DEI Trailblazer Awards: Recognizing Companies That Do – And Challenging Those Who Don’t | ROI-NJ

There was plenty of good food, conversation and fun – the walk-up song for one winner almost appeared to be the beginning of a karaoke night.

But that was expected: A great atmosphere always is part of events put on by the African American Chamber of Commerce of New Jersey.

And so is this: A serious conversation on where the state’s business community – one that repeatedly acknowledges the incredibly diverse nature of New Jersey’s population and workforce – truly stands on providing opportunity for all.

The second annual DEI Trailblazer Awards reception, co-hosted by the African American chamber and the New Jersey Chamber of Commerce Monday night at the Old Mill Inn in Basking Ridge, was about honoring companies who challenge the status quo.

John Harmon, the founder and head of the African American Chamber, said the event was about business and opportunity.

“This is not just another social gathering, and if you see it as such, you’re in the wrong place – and I mean that wholeheartedly,” he said.

He called it an opportunity to advance New Jersey in an unprecedented way.

“We’re inspired by the dedication of these organizations to diversity, equity and inclusion,” he said. “They are setting a strong example for all of us.”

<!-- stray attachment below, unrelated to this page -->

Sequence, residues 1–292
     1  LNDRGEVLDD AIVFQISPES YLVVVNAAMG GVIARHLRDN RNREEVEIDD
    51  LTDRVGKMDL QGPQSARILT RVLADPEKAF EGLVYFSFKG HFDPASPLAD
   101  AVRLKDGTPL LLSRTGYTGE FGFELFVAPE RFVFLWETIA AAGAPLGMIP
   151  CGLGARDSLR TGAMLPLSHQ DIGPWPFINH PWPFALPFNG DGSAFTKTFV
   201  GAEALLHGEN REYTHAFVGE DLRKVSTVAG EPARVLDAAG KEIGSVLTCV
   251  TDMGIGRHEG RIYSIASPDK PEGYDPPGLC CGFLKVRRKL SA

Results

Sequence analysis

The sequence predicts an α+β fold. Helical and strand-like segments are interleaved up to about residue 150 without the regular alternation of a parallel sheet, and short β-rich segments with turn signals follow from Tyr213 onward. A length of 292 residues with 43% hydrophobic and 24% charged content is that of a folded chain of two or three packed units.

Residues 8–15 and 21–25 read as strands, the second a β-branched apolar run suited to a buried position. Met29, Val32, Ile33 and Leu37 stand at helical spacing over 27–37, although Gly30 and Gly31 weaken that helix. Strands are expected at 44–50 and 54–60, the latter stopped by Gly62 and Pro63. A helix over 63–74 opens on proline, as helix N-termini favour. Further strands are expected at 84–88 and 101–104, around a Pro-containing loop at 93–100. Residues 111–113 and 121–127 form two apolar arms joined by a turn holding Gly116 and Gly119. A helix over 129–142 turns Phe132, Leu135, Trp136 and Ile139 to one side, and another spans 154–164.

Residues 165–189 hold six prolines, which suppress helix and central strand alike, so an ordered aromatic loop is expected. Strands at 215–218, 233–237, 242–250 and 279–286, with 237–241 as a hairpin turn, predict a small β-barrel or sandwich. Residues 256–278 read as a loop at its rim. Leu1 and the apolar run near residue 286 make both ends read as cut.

Indeed. Whether it’s awarding millions in grants to improve health care access, providing access to millions of dollars of capital to small businesses, creating a supplier pipeline or board that features diversity or simply ensuring your workforce – or student population – matches the makeup of the state, the winners are setting an example for others.

“We are honoring the companies that are walking the walk,” State Chamber CEO Tom Bracken said. “We are recognizing and celebrating the DE&I champions who are meeting the challenge and challenging the status quo.”

The event honored six winners – but it was held to celebrate all 20 finalists, each of which is setting an example of true corporate social responsibility.

The nominees included:
· AmeriHealth
· Bank of America
· Bridge Builders Newark LLC
· CannPowerment
· The Ceceilyn Miller Institute for Leadership & Diversity
· Chiesa Shahinian & Giantomasi P.C.
· Cole Schotz
· Delta Dental of New Jersey
· Gibbons P.C.
· Hackensack Meridian Health
· Johnson & Johnson
· Lockerbie & Co.
· Modivcare
· New Jersey Institute of Technology
· Phillips 66-Bayway Refinery
· Santander US
· Somerset County Business Partnership
· Tené Nícole Creative Agency
· UnitedHealth Group
· We Are Jersey

Here are the category leaders:

Corporate Citizenship
Johnson & Johnson: Between matching employee donations and cash grants, Johnson & Johnson gave more than $12 million in each of the last three years to organizations in New Jersey – with $4.1 million in 2022 going to nonprofit organizations that address DE&I.

Access to Capital
Santander US:
The bank offers a free executive leadership training program designed to help small- and medium-sized business owners in under-resourced communities. With a focus on minority-, women-, veteran-, and immigrant-owned businesses, the program helps small business entrepreneurs gain access to executive education, networking opportunities, and debt and equity capital. From 2005 through 2019, the program’s 3,836 alumni companies have averaged 126% growth in revenue, created 22,707 jobs, and raised $2.3 billion in capital.